We all know the old adage that surrounds the first day of April. We’ve all taken part in or fallen victim to an April Fools prank at some point. In the contemporary realm, April Fools has taken on an entirely different persona.
April 1 used to be a day where the bully in school could yell out the hallmark and get away with tripping you in the hallway (kind of), or when you tied a rubber band around the faucet to soak the next poor soul trying to get a drink. In a time of viral marketing, April Fools Day has been rebranded to represent the comical creativity of major corporations and colleges.
No big deal. If anything, it’s another opportunity to get cheeky, Super Bowl-esque commercials. Take Virgin’s clear-bottom plane announcement. I found it entertaining – even more so when a Chinese news group reported on it as real news. What happens when legitimate campaigns and advertisements get taken as jokes? There is a narrowing connection between the outlandish and the feasible, and that can draw skepticism to the validity of actual discoveries.
Google announced a new search platform last Monday, called Google Nose. As the video starts, the concept seems very interesting and even feasible, but I could slowly feel my eyebrow raise as the media reached its midpoint. The “Google Nose Beta Smell Button” seemed almost too corny and obscure for me, although my knowledge about photons intersecting with infra sound waves is somewhat narrow. For the sake of a childish hope for Smell-o-Vision, I kept watching, grasping at straws, thinking, hoping that maybe it was real. It was the guy smelling his monitor and giving a triumphant fist pump at about 1:29 that completely shattered the already crumbling illusion.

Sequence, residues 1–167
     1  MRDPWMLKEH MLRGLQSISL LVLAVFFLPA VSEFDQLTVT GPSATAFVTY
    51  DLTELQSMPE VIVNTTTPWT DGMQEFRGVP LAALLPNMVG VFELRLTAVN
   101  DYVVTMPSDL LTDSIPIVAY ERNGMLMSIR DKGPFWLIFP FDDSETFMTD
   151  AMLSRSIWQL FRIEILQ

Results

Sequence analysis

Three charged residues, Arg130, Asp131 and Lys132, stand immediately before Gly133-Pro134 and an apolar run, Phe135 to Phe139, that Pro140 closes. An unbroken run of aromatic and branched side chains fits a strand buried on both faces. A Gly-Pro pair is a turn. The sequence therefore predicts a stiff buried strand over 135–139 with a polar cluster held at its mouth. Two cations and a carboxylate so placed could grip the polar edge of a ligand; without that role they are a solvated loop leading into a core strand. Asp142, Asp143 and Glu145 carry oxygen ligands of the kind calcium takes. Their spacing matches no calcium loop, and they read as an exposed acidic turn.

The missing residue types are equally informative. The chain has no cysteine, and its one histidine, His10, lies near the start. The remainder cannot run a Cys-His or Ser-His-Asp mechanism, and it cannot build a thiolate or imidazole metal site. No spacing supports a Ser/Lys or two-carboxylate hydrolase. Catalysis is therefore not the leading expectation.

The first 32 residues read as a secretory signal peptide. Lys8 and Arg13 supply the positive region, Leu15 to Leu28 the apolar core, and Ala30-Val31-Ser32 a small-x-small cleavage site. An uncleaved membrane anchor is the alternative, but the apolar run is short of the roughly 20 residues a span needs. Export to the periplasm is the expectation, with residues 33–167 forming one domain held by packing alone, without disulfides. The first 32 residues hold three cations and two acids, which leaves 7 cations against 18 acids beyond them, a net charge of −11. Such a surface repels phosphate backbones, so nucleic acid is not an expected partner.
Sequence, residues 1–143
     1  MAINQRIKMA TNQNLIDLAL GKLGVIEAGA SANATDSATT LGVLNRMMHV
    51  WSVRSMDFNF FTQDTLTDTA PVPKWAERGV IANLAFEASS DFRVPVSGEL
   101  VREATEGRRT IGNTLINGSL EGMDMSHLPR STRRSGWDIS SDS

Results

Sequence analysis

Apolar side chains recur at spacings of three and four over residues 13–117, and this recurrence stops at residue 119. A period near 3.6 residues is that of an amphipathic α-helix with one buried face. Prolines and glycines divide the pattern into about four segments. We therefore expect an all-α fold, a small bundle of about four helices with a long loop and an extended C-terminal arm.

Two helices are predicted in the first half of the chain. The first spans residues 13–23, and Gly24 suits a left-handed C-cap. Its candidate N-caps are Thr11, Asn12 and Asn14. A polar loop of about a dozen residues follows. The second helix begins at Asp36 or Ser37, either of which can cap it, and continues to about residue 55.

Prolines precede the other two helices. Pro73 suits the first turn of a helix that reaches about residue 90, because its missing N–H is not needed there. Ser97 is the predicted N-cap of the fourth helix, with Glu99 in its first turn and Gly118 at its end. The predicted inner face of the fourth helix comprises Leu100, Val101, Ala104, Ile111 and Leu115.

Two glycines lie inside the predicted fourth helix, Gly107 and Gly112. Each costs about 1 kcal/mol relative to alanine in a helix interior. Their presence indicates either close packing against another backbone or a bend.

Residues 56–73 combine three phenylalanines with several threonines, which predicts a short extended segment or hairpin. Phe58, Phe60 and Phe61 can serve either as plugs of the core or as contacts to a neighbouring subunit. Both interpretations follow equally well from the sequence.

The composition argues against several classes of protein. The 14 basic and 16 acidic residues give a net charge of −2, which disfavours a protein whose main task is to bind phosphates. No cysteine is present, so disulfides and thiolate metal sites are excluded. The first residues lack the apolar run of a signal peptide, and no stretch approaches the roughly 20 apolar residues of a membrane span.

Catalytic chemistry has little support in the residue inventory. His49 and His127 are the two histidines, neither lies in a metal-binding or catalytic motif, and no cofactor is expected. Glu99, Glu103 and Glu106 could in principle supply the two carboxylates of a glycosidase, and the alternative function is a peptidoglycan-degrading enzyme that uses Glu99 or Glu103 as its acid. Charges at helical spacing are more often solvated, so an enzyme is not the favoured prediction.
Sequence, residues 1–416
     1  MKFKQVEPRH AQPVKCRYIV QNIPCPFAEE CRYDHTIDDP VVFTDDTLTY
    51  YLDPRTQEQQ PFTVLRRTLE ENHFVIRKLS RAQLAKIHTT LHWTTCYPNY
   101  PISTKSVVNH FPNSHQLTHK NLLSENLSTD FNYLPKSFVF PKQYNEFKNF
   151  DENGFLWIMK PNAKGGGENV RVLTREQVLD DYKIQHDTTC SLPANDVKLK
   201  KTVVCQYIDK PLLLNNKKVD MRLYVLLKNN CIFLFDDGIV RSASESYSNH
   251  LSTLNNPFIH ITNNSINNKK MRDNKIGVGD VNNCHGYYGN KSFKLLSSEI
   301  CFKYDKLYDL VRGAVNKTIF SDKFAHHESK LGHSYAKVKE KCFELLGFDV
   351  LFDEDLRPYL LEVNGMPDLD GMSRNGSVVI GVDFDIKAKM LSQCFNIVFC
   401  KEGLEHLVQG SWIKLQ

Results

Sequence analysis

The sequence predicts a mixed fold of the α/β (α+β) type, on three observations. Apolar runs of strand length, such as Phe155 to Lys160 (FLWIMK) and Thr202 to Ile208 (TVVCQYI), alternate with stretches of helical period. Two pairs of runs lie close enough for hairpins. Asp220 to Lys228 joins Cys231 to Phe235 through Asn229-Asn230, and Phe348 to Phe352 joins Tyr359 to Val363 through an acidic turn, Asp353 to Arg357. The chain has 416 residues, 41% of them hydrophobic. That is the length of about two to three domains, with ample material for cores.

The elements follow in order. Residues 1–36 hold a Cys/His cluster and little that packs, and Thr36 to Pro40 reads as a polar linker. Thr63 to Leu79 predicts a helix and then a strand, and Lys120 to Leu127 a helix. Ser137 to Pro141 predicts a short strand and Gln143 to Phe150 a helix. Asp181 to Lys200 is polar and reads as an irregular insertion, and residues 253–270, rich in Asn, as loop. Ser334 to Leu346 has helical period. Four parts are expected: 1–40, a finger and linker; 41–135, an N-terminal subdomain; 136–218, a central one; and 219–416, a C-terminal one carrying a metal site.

Google even went so far as to create a beta page where you can click and attempt to smell everything from fear to wet dog. It’s only when you click for assistance from the help desk that Google admits to the prank (in the fourth bullet point). Clever.
The truly interesting thing about this is that your computer emitting smells or your tablet identifying odors doesn’t seem that far out of the realm of possibility. When Michigan Engineering released a video toting the possibility that they had accidentally discovered teleportation, I really didn’t know what to think. The YouTube commentary seemed somewhat divided, though skeptical. The seriousness of the video felt legitimate, but their vague explanation about the process smelled fishy. But, then again, it’s YouTube, and not everything is or can be terribly technical when broadcasting to an expansive audience. After several more views, and a calming of my childish excitement, it is clear that I had been the April Fool. What’s exciting is the fact that the idea of teleportation remains science fiction, but seems more feasible each and every day. Hard to say if we will ever have the ability to teleport, but pranks like this seem to inspire the imagination.
Herein lies the benefit of technological April Fools jokes. They make the world, engineers, and laymen alike, analyze the possible outcomes and determine if it is a reality. Videos like the Google Nose and Teleportation segments drive everybody to put on a deductive thinking cap. Trying to disprove videos like these to our inner five-year-old not only reinvigorates our passion for discovery, but it surely gives potential insight to creatively solve. Even though jokes like these leave me slightly disappointed, they serve to inspire new ideas and have potential to help drive the next big innovation.
What are your thoughts on technological April Fools jokes? Are they a waste of time or a provocateur for innovation? Comment below or email firstname.lastname@example.org.